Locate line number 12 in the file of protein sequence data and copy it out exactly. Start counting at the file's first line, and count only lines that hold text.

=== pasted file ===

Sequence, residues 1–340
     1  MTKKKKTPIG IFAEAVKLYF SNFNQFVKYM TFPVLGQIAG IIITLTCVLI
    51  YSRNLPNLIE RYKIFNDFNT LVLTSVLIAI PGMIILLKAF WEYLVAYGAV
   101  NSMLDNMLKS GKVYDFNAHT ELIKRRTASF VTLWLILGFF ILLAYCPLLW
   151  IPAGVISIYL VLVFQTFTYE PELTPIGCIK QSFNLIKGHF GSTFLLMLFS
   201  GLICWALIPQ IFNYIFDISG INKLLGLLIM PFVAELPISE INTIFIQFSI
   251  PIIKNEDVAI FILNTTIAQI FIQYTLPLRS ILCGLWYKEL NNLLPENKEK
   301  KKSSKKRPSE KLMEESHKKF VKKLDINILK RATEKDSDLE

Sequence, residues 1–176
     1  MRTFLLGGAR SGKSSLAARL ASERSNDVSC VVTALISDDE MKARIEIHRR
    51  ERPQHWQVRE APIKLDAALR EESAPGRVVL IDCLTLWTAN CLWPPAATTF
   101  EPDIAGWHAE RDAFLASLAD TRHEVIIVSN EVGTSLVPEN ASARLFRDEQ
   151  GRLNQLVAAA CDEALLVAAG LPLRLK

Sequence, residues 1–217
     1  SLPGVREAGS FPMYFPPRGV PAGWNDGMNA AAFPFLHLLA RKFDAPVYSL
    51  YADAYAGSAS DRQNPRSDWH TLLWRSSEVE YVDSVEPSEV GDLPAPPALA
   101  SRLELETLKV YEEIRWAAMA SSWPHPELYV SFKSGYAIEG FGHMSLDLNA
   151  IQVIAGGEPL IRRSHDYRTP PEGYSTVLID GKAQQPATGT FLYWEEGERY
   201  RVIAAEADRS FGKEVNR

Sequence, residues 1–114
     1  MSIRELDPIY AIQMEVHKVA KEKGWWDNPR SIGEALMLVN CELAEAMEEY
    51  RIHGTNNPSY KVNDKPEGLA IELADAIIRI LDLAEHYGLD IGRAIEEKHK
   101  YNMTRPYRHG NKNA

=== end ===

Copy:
   101  EPDIAGWHAE RDAFLASLAD TRHEVIIVSN EVGTSLVPEN ASARLFRDEQ